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Happiness: What Does It Mean?

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I’ve been thinking about what it mean to be happy. I have many friends who seem displeased with life and seemingly can’t find happiness. So why is it so hard to be happy? Well maybe the more important question should be, what does it take to be happy? Is it money? Couldn’t hurt. But then why are the best things in life free?

What about love? (Singing out loud) “What’s love got to do with it, do with it?” Family could equate to happiness and spirituality could be tossed in that bend, too. For sure the religions of humanity should be a unifying force but they are not. Even though they all follow the great basic unity in ethics. Whether it be Judaism, Catholicism, Protestantism, Buddhism, or Confucianism, as they all grow out of a sense of the sacredness of human life. The Commandments not to kill, not to hurt, not to put a stumbling block in the path of the blind, regardless of how funny it would be. Not to exploit the servant or the worker yes all this can be found in the Bibles of all religious sacred books. All teach in substance: “Do unto others as you would have that other do unto you.”

There is, then, a basic unity among the great religions in the matter of ethics. True, there are religious philosophies, which turn people away from the world, concentrating life-purposes on salvation for ones self or a mystic union with some supernatural reality. But most of the great religions agree on mercy, justice, love again equating that to happiness here on earth. And they agree that the great task is of moving people away from apathy, from an acceptance of the evils in this life, to face the possibilities of the world, to make life sweet for one another instead of bitter. This is the unifying ethical task of all the religions, yes, of all the philosophies of humankind. There is no need to force our own theological points of view upon one another or to insist they them self are the final, absolute authority. Okay why didn’t anybody tell me I was standing on a soapbox. (Stepping down.)


How about purpose? I’ve heard it said before that the grand essentials of happiness are—something to do, something to love, and something to hope for. Wow that seems simple. But if so I guess we would all be happy. Because we all have something to do which is live, someone to love, ourselves, and something to hope for to be happy. One could say happiness is the key to success. If you love what you are doing, you will be successful.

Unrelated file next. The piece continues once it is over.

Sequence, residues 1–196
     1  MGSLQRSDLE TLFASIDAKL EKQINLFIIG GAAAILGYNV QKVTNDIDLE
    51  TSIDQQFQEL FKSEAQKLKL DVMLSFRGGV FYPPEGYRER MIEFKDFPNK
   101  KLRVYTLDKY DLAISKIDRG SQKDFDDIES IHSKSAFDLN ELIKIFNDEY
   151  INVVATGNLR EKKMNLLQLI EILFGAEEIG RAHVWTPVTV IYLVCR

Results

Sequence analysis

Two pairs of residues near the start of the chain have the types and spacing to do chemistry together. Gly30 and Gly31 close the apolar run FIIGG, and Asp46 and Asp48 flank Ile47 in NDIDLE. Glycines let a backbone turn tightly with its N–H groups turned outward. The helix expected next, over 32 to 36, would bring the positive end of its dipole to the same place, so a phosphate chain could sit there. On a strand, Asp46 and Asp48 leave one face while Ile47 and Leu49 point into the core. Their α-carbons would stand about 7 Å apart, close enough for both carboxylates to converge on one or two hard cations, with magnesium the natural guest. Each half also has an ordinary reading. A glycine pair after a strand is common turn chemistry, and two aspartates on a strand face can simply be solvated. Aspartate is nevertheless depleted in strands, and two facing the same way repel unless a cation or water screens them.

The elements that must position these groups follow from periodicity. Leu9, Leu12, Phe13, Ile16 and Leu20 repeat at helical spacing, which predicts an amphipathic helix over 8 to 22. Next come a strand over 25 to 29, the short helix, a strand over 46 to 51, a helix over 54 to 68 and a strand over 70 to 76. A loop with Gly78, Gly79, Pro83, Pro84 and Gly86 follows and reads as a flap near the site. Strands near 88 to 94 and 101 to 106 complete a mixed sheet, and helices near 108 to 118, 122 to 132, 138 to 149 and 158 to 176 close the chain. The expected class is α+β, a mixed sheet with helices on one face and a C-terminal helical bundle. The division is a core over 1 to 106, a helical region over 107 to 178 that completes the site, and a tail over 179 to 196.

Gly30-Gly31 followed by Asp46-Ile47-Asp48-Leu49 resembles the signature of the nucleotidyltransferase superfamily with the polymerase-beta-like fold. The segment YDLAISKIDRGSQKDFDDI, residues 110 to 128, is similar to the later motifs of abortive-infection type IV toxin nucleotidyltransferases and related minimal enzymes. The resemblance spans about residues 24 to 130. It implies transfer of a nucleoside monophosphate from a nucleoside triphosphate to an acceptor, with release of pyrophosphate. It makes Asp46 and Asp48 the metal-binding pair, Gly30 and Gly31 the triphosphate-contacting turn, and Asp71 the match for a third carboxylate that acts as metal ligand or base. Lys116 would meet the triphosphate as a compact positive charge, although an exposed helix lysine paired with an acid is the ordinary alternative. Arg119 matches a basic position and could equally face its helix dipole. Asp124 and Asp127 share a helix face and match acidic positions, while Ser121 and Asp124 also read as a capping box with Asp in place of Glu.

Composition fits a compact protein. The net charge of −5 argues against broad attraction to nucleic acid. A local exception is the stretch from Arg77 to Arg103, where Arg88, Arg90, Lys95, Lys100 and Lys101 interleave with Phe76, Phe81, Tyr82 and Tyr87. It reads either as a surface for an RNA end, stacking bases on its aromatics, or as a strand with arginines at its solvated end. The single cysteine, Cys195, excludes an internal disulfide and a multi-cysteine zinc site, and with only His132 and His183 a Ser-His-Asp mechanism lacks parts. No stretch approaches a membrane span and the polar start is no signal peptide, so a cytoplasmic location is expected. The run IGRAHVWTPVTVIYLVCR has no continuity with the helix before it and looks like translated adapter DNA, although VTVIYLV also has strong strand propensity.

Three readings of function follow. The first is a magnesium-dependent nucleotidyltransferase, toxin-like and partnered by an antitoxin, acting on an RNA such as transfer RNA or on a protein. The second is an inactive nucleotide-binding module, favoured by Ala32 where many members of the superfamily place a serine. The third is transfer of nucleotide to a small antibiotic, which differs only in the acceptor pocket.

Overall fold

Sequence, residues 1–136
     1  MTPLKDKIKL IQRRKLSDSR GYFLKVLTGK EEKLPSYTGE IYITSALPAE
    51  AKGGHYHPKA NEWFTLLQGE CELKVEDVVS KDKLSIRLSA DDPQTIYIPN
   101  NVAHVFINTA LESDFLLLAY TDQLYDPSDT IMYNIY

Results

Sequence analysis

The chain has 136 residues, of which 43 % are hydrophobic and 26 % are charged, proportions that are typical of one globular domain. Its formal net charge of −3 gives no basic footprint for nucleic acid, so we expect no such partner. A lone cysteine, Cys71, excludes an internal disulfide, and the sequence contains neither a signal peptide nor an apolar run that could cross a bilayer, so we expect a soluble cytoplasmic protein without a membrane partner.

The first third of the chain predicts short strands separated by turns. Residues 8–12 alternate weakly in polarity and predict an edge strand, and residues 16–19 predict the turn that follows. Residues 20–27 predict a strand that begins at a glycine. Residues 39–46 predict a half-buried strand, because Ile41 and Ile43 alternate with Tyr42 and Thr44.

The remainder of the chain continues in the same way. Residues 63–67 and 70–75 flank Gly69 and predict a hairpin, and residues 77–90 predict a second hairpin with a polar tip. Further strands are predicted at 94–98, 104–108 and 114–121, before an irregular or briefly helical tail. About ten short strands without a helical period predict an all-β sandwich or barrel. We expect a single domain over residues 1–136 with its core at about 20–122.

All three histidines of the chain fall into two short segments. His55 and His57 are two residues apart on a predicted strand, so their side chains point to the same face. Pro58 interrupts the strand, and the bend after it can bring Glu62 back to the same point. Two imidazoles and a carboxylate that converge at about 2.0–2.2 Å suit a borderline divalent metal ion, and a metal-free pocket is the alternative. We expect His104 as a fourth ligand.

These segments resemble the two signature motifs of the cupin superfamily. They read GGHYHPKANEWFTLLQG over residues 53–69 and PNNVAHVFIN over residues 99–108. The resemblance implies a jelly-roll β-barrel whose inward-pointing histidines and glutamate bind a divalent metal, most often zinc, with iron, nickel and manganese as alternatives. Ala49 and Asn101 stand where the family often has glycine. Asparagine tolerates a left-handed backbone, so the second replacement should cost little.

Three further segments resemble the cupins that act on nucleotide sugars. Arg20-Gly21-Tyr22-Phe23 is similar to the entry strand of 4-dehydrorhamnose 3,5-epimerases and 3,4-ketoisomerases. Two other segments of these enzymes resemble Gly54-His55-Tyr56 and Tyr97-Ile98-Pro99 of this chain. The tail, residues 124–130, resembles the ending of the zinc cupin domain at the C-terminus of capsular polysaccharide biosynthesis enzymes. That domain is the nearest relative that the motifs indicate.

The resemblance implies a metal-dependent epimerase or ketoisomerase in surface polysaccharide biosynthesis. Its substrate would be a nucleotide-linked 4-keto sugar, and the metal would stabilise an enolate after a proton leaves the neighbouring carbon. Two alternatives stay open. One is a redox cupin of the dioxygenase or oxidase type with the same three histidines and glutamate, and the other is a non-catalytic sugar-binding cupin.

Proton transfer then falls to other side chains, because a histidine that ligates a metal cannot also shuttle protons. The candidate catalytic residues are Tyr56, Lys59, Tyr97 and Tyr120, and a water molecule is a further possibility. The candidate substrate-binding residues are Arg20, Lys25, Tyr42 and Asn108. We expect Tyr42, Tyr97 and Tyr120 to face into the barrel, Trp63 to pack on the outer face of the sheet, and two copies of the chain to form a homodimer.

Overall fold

Hey, what … wait … if that is true then why am I not a porn star. Aristotle believed that Happiness belongs to the self-sufficient, so if you can’t take care of yourself that means your screwed, which could have truth behind that. As most of us feel that other people’s action affect our peace. “You talking to me?” Edith Wharton is quoted saying, “If only we’d stop trying to be happy we’d have a pretty good time.” That right there might be it, lighting in a bottle, we get so wrapped up in our own shit and so selfish that the fleeting moment of happiness just sail on by.

Perhaps there is only one happiness in life—to love and be loved. Let me tell something to you and just consider it for a moment. We humans are social beings. We come into the world as the result of others’ actions, aka bumping uglies. We survive here in dependence on others. Whether we like it or not, there is hardly a moment of our lives when we do not benefit from others’ activities. For this reason, it is hardly surprising that most of our happiness arises in the context of our relationships with others. Nor is it so remarkable that our greatest joy should come when we are motivated by concern for others. But that is not all, nope there’s more. We find that not only do altruistic actions bring about happiness but they also lessen our experience of suffering. Here I am not suggesting that the individual whose actions are motivated by the wish to bring others’ happiness necessarily meets with less misfortune than the one who does not. Sickness, old age, mishaps of one sort or another are the same for us all. But the sufferings which undermine our internal peace, anxiety, doubt, disappointment, these things are definitely less. In our concern for others, we worry less about ourselves. When we worry less about ourselves, an experience of our own suffering is less intense.


What does this tell us? Firstly, because our every action has a universal dimension, a potential impact on others’ happiness, ethics are necessary as a means to ensure that we do not harm others. Secondly, it tells us that genuine happiness consists in those spiritual qualities of love, compassion, patience, tolerance, and forgiveness and so on. For it is these which provide both for our happiness and others’ happiness.


So what is happiness? Nothing more except the simple harmony between one and the life they lead or when your work and words are of benefit to yourself and others. Just keep it simple because the richest are those whose pleasures are cheapest.

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